It is POSSIBLE for him to win seven races out of 10, on average. While the public following the favourite is likely to have a top price of 4/1, the professional operating against the favourite can strike winners up to, say, 100/1.

Now, though, to the nitty-gritty. The fact that non-favs win two-thirds of all races doesn't mean that non-favs have twice as good a chance of winning as favs. Until we determine the true value odds of the entire field, and see which horse is probably the best of them all (the favourite, or some other horse), we know nothing about the non-fav except that it is one of a number of non-favs in the race!

Let's take a hypothetical field of nine runners: What do we know about the favourite? We know it wins approximately one race in three. This means that the 'natural' odds against a random non-favourite are 11/1 (this figure being obtained by the statistical process of dividing the number of races thaat the non favourites win, 2/3, by the number of non-favourites, eight).

The obvious conclusion is that it's foolish to reject a horse simply because it's the favourite, or to stab at another horse simply because it isn't the favourite! What the punter has to do is determine the true favourites and get rid of the false favourites.

Now some judges believe that certain kinds of races are more 'true to form' than others. They believe the favs win a substantially higher percentage of one kind of race than of another, thus producing smaller dollar losses. Extensive sampling, though, shows that the percentage of winning favourites remains essentially the same in all types of races (with the possible exception of early 2yos) and that the profit/loss in each particular odds-range does not vary significantly according to the actual quality of a race.

A study of some 10,035 races some years ago showed that a level stakes bet on the favourite showed a loss of 8.4 per cent. A further follow-up study of more than 7000 races came up with a similar figure.

Many selection methods try to convert this eight to nine per cent loss into a profit by applying form-handicapping principles to the past performances of the favourites. (From time to time, we have developed this idea in P.P.M.). They are among the best possible procedures for smaller punters.

My own research has been into the price-ranges of the favourites and other runners. For instance, I set out many years ago to try to find how many winners came from the various price ranges on the tote. The absolute conclusion from my survey, and those of other experts, is that the lower the odds the greater the chance the horse will win.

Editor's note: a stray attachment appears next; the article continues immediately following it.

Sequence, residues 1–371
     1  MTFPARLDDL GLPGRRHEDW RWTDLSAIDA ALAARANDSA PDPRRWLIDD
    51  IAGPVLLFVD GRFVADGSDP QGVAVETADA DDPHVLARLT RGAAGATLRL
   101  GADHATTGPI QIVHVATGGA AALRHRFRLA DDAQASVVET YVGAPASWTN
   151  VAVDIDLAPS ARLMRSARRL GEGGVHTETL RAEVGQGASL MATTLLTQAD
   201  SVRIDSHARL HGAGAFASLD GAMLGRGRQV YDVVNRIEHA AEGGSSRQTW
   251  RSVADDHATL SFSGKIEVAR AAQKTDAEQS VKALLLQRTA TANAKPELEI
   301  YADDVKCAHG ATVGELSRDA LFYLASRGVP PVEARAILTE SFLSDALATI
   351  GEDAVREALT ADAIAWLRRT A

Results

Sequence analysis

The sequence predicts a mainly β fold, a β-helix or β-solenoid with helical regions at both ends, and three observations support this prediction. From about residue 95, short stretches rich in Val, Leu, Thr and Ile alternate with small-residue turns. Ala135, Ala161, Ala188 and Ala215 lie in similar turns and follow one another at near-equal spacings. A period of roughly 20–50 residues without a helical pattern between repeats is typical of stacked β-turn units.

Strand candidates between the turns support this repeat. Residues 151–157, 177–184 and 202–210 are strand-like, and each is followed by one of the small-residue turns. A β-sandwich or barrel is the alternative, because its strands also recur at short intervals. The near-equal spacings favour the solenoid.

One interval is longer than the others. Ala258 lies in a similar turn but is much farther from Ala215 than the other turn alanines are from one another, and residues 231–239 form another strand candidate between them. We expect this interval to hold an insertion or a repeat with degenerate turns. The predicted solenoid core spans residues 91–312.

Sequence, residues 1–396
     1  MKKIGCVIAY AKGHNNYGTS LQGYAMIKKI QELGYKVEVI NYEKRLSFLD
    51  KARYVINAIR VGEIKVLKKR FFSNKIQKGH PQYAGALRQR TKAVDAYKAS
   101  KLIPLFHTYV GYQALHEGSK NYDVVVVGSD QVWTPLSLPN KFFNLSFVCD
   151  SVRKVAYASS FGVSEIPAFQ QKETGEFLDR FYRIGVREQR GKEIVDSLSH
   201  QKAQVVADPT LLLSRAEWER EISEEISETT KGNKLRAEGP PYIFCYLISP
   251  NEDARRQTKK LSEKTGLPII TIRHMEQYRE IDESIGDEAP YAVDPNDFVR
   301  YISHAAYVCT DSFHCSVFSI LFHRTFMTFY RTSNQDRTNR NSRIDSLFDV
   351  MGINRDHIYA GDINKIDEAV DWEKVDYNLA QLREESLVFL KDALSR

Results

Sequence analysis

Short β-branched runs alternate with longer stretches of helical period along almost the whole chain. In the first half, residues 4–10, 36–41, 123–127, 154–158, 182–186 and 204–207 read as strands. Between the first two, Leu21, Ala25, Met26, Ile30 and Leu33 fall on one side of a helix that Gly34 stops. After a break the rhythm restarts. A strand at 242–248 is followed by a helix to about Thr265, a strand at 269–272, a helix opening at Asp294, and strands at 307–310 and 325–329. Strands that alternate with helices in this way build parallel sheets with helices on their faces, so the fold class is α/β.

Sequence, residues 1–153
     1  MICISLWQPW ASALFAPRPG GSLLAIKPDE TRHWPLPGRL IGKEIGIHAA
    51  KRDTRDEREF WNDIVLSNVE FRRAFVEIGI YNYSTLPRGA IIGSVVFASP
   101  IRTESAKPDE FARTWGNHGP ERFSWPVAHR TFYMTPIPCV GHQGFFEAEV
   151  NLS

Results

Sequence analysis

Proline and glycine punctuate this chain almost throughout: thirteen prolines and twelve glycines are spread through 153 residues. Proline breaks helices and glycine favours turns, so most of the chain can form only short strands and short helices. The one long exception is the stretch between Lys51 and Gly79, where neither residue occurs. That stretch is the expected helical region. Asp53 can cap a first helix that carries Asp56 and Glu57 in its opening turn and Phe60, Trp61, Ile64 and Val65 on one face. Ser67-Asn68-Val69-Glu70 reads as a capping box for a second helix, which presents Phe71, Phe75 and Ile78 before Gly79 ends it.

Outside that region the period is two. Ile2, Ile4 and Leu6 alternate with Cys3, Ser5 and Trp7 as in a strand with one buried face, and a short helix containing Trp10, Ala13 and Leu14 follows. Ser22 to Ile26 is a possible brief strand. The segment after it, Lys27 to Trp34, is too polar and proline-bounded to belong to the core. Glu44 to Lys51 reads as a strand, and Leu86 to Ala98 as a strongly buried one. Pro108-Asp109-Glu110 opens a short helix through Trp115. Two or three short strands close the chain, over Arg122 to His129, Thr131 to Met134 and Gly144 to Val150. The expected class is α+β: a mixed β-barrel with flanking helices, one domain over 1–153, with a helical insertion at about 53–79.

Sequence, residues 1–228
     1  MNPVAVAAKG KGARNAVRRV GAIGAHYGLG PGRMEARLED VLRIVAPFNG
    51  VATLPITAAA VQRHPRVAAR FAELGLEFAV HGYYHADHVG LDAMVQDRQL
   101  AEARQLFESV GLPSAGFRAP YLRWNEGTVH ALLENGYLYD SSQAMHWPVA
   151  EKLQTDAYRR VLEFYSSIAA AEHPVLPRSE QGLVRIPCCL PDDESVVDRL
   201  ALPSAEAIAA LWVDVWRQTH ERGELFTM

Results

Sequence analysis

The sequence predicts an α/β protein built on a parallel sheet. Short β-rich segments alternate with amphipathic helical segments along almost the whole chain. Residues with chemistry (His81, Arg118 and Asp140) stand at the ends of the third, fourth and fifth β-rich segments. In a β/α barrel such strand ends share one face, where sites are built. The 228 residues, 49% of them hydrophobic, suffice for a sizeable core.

This is not earth-shattering news, I know, but it is important when you are seeking out an avenue on which to launch an attack. Another point emanating from research is that the shortest-priced horse on the list earned a very, very small profit when they were all bet (a bet on any horse in the price-range).

Look at the following points:

  1. The largest single group of horses on the list totalled 25,044, and they went off at odds of $21 or more. A bet on each of these longshots would have meant a heavy loss of 54 per cent, even though there were 340 winning bets!
  2. The odds-range below 5/2 (tote odds below $3.50) yielded a loss of around six per cent of the wagered dollar.
  3. On horses at 5/1 and higher, the percentage losses were more than 17 cents in the dollar.
  4. These results were obtained upon uncritical betting, without any recourse to form analysis. The sole basis for a bet was the odds at which a horse was sent to the post.

So this is where we come to the point of answering the question, 'To bet or not to bet' and the important factor is this: A punter who took the time to learn all he could about form and weights, could begin to make money by backing 'selected' horses in the odds-range of 2/1 and below.

It would be no use betting on all horses in this range, because you'd be looking at a potential seven per cent loss-but eliminate the 'false favourites' in this price-range and you could very easily turn that loss into a handy profit.

You could become seriously selective about horses in this 'pet' price-range. The long-term test of your ability would be to see if you could turn around that seven per cent loss by eliminating the 'false' favourites, those horses which clutter up the price-range and don't belong there.